Content Security Policies In Sitecore

Have you ever created a site for a client and before going live, or regrettably after going live, a security audit reveals a rather glaring issue?

You’re missing or have an incorrect Content Security Policy (CSP) setup for the domain(s) you’re showing. It happens, sadly, to all of us. The important thing to realize is not only are there ways of reviewing your CSP but for Sitecore there’s a straight forward and very simple way of updating it.

When it comes to CSP, each version/setup of Sitecore has its own unique changes. If you're on standalone, you might need to adjust to support both the Content Management portion as well as the Content Delivery.

It also depends on how and who implemented it not to mention, whatever else you add to the site, e.g. Google Tag Manager, external fonts, 3rd party analytics, etc.

What Is Content Security Policy (CSP)?

As defined by the website,, CSP is:

"the name of a HTTP response header that modern browsers use to enhance the security of the document (or web page)"

And the purpose of it is really to reduce and or prevent Cross-Site Scripting (XSS) attacks on your website and prevent unauthorized scripts or harmful content from running on your site.

In other words, it’s absolutely something you want to have on your site. An example of a very simple CSP can be seen below where we essentially ONLY allow traffic originating from the same origin.

  <add name="Content-Security-Policy" value="default-src 'self'"/>    

Obviously this is a super strict CSP and while it does make your site secure, it will likely mean that 3rd party resources e.g. Google Tag Manager will fail to operate.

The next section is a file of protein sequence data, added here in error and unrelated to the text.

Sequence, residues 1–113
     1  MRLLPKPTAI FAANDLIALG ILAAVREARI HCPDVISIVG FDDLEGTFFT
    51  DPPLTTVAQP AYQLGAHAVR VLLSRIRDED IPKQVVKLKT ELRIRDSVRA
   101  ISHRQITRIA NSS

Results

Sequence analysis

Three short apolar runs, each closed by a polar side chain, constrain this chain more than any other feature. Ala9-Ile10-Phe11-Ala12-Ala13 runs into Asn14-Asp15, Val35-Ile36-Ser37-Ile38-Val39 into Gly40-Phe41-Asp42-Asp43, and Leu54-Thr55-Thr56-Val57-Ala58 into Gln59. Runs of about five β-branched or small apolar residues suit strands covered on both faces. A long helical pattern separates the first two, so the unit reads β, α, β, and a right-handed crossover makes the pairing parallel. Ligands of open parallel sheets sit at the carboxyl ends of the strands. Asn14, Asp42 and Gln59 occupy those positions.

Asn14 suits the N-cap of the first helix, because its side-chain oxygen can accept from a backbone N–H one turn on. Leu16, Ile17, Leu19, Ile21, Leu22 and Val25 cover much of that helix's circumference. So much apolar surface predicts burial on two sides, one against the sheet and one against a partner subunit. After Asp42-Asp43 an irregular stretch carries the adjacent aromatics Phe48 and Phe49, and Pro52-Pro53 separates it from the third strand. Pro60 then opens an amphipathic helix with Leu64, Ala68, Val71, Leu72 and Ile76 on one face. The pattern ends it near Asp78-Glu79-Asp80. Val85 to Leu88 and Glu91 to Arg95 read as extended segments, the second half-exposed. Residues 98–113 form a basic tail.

It could also mean that if you have css or JS hosted externally. You could theoretically list all the hosts under default-src but not all directives fall back to default-src.

Some directives, e.g. frame-src have even been deprecated to something called child-src.

The important thing to note is that while this is strict, it’s a GREAT way to start from scratch, though we suggest, do this In a dev or QA environment and not your production environment.

The Important Directives?

First, what is a directive? Directives are the segmentation of the types of content being authorized to run. Things like scripts, styles, images, fonts, iframes, etc. The ones that will snag you the most are the following:

Directive Description
Default-src This is the base directive. It defines the default policy for obtaining resources such as JavaScript, Images, CSS, Fonts, AJAX requests, Frames,
Script-src The directive for obtaining Javascript resources. More granular directives such as script-src-elem, script-src-attr, etc are also available but for most cases, script-src will suffice.
style-src The directive for obtaining CSS resources
img-src The directive for obtaining external images